Now infinitesimals aren't actually real numbers, because they're infinitelly small enough for you not to be able to stick a number between 0 and 0.000.....1. But 0 is a real number, so that means 0.000...1 is some kind of weird ass fake number (or it's actually equal to zero and our condition that a < b wasn't even satisfied to begin with)

Don't mind me, I'm just preparing for proof-based Calculus exam.
>>
>>7782893
prove it
>>
>>7782893
per definitionem
>>
>>7782895
there is always a remainder(aka difference) if you divide any power of 10 by 3
>>
can we pease just sticky a 0.999... = 1 thread?
so that way retards won't
post
the
same
shit
every
day

0.999... does not equal 1
why would we even invent two ways of writing the exact same number?
>>
>>7782927
1 = 1.000...
>>
>>7781249

> 1 in 3D space

> 0.999... in 4D space

time needs to be a factor in order to say 0.999 = 1
>>
>>7782894
i take [an] mean the floor of an, that mean ([an]+1)/n > an/n, not >=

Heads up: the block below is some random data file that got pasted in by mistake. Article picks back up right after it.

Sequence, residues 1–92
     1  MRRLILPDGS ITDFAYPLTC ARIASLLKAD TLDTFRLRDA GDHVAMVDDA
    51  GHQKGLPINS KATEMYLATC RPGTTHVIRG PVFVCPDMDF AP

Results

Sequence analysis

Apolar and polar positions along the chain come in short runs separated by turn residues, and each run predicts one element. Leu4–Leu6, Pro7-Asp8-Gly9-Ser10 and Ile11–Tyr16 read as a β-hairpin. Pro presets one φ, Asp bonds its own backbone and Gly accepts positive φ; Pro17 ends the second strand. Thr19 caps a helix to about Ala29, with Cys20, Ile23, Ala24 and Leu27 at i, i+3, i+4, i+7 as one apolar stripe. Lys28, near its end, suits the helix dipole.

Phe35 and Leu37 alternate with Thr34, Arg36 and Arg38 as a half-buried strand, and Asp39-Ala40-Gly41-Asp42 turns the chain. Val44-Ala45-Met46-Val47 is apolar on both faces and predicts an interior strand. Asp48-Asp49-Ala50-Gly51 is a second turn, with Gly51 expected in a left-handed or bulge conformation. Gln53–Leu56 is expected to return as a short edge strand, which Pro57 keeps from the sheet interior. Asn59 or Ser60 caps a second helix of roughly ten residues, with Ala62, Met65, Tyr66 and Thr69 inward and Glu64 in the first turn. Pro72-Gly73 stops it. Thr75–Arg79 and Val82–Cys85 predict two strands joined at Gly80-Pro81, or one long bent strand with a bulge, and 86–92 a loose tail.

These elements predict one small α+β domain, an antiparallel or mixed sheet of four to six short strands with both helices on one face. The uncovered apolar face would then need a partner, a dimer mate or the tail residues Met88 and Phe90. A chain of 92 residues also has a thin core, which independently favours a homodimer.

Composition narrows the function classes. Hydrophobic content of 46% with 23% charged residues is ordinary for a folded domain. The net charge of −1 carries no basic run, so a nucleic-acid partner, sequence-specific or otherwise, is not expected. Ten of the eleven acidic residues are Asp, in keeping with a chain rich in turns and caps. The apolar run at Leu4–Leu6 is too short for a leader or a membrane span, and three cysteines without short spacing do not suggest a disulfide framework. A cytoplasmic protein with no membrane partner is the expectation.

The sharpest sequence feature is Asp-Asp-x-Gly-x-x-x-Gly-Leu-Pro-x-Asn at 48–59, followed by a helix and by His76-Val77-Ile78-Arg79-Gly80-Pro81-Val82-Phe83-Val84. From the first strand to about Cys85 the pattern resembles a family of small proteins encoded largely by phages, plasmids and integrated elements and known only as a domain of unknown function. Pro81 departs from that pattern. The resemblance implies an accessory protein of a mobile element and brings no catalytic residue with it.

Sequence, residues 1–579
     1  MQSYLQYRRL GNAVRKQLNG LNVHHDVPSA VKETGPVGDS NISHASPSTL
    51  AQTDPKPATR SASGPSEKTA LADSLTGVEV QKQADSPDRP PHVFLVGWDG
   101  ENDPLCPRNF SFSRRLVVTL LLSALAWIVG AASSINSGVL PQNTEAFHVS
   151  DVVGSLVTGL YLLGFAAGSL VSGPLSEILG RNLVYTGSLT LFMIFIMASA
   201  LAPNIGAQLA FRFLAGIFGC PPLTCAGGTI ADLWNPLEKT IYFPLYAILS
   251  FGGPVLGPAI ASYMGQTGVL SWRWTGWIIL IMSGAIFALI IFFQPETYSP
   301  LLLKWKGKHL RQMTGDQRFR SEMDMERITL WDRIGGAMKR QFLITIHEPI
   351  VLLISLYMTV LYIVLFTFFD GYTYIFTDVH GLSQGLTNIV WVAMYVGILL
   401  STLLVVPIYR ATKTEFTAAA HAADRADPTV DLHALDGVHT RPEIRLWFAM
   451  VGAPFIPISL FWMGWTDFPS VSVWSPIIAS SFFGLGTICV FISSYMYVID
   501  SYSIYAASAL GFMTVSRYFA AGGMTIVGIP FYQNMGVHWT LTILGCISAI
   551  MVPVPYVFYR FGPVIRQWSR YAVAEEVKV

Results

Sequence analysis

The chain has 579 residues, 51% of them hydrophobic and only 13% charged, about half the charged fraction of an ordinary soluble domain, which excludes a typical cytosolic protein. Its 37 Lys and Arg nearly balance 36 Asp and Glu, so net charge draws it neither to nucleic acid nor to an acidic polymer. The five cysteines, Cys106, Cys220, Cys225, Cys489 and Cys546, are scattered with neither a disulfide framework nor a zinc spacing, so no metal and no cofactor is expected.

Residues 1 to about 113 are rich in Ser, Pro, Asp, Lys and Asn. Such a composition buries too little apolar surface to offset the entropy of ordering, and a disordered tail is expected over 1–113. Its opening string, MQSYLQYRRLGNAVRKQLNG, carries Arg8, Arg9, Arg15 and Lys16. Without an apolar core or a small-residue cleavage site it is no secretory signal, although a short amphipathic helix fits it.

>infinitesimals aren't actually real numbers, because they're infinitelly small enough for you not to be able to stick a number between 0 and 0.000.....1. But 0 is a real number, so that means 0.000...1 is some kind of weird ass fake number (or it's actually equal to zero and our condition that a < b wasn't even satisfied to begin with)
0.000...1 > 0
0.000...1 > (0.000...1)/10 > 0
prove me wrong
protip: you cant
>>
>>7782927

>why would we even invent two ways of writing the exact same number?

Because binary allows us to represent on/off states and true/false conditions. Hexadecimal allows us to represent fairly large numbers with less digits, and binary, octal, and hexadecimal are all fairly easy to convert among each other.
>>
>>7781249